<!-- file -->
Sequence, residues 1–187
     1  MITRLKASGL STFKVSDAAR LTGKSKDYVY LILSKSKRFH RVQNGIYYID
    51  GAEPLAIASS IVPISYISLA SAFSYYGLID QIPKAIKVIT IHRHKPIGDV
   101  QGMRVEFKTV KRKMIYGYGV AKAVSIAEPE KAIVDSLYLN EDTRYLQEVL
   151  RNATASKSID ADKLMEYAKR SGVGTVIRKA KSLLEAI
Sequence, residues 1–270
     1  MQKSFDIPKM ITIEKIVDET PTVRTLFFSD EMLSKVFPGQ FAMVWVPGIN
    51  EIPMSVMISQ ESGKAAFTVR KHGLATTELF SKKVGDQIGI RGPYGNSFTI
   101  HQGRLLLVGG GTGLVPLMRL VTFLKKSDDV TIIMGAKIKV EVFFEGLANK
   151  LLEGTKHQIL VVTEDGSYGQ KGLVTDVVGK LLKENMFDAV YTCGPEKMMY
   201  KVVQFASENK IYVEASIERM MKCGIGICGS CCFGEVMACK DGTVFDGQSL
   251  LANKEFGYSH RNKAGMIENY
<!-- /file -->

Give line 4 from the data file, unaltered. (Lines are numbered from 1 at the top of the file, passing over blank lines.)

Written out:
   101  QGMRVEFKTV KRKMIYGYGV AKAVSIAEPE KAIVDSLYLN EDTRYLQEVL